Managing Director Henk Bles sets forth his views about the future of dairy farming worldwide. In this article his vision on sustainability.
I would like to refer back to one of my quotes in a newsletter last year.
“Less input per kg means lower GHG emissions and leaving more land for nature, recreation and urbanisation” (https://www.bles-dairies.nl/the-future-dairy-farming)
The world is changing rapidly and faces huge challenges in GHG emission. Most countries signed the Paris Climate Agreement. This agreement aims for keeping the increase in global average temperature to below 2°C above pre-industrial levels; compared to today standards this means that much greater emission reduction efforts will be required in order to hold the increase in the global average temperature to below 2°C.
What is sustainable dairy farming?
After transport, the energy sector and households, livestock farming acts as a major producer of GHG. The most important question here is how and to what extend the dairy farming sector is able to contribute in the aim for reduction. The solution is not as simple as we think. To improve sustainable dairy farming we need to reduce the carbon footprint by at first increasing productivity and efficiency per cow and per hectare. This means less production of GHG per liter of milk combined with an increase of GHG absorption to our soil. The ultimate goal is to have zero balance or as we say: “dairy farmers should aim for climate neutral milk production”. (Note: grassland absorbs more GHG than forest)
The solution is knowledge
Dairy farmers around the world are facing many challenges these days, not limited to the GHG emission targets. Key element for these professionals to develop and meet this unruly reality is knowledge. Farmers need to develop their knowhow continuously and acquire new know-how all the time to keep up the fast changing environment. Through access to new developments and new insights in dairy farming related to the actuality and production criteria they have to meet, farmers can nowadays keep up their business.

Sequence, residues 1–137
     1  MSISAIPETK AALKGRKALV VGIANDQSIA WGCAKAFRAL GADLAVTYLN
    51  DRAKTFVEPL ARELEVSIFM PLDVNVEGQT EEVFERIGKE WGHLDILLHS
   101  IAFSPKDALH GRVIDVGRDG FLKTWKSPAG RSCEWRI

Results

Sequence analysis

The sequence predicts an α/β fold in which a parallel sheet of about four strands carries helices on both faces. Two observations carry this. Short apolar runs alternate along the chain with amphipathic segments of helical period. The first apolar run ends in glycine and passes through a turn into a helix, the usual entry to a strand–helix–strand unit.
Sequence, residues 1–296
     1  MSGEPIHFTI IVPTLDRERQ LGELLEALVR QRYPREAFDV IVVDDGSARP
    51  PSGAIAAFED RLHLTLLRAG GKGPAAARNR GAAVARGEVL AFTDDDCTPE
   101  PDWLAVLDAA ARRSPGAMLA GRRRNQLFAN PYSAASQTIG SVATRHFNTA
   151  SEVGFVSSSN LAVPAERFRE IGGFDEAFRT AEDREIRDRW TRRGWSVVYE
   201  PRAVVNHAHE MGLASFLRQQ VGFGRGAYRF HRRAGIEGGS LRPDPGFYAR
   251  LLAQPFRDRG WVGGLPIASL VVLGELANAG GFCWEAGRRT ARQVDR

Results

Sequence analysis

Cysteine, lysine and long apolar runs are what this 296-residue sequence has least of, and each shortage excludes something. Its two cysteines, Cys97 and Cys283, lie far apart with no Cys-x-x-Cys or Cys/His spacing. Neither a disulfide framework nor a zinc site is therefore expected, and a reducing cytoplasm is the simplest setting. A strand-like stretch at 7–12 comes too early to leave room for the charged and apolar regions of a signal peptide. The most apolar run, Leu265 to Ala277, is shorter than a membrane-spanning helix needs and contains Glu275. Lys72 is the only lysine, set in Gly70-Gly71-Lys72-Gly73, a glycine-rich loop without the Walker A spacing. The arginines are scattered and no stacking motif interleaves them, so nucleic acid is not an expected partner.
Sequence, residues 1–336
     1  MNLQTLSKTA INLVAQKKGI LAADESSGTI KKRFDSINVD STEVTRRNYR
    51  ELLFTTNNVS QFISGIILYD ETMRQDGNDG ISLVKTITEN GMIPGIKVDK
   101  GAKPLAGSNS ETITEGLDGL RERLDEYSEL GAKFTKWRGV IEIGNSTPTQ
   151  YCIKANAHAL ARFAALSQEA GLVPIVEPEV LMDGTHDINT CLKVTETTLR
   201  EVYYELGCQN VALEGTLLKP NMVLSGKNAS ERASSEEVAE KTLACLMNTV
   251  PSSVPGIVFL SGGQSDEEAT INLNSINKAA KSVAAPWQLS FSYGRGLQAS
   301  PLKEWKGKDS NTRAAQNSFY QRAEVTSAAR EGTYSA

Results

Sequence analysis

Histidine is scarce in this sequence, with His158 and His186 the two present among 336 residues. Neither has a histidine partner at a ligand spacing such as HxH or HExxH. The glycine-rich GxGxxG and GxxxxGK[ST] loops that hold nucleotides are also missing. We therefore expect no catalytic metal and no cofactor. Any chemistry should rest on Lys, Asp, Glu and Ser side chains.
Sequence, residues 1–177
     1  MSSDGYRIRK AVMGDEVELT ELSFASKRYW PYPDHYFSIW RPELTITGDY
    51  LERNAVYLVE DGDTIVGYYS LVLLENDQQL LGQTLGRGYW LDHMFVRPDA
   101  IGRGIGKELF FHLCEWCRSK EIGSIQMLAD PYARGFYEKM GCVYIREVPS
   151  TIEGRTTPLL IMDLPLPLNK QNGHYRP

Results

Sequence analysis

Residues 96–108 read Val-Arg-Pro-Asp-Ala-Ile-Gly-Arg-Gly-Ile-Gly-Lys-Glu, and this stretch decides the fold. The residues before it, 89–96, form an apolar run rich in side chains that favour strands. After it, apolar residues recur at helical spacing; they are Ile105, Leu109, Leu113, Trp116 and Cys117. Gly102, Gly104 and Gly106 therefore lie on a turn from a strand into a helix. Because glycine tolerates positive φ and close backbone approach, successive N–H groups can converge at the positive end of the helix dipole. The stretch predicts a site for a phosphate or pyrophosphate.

Wageningen University & Research (WUR) recognizes this trend as well. They acknowledge that an important task is to unlock scientific information in order to apply it and enable dairy professionals to take advantage of the new developments in their own farm management. Bles Dairies and WUR have joined forces in the Bles Dairies Institute to bundle the available resources of knowledge and achieve its effective and efficient application in the international dairy chain.
The transfer of available knowledge is necessary to optimize sustainable dairy farming. To the end-users this knowledge, i.e. the dairy farmers, is key. In my opinion one should understand correctly what the meaning of this hot term “sustainable” is, what is the impact on a dairy farm, how should we translate it and relate it to reduction of GHG? The solution should be sought in the wider dairy chain. Different players along the dairy value chain should interact in a circular model.
It is my aim to help as many dairy professionals around the world to develop and gain the necessary knowledge to face the actual challenges. Bles Dairies stands for solution based models in dairy. This will ensure farmers to make their business profitable. Also in a rapidly changing world.
CEO of Bles Dairies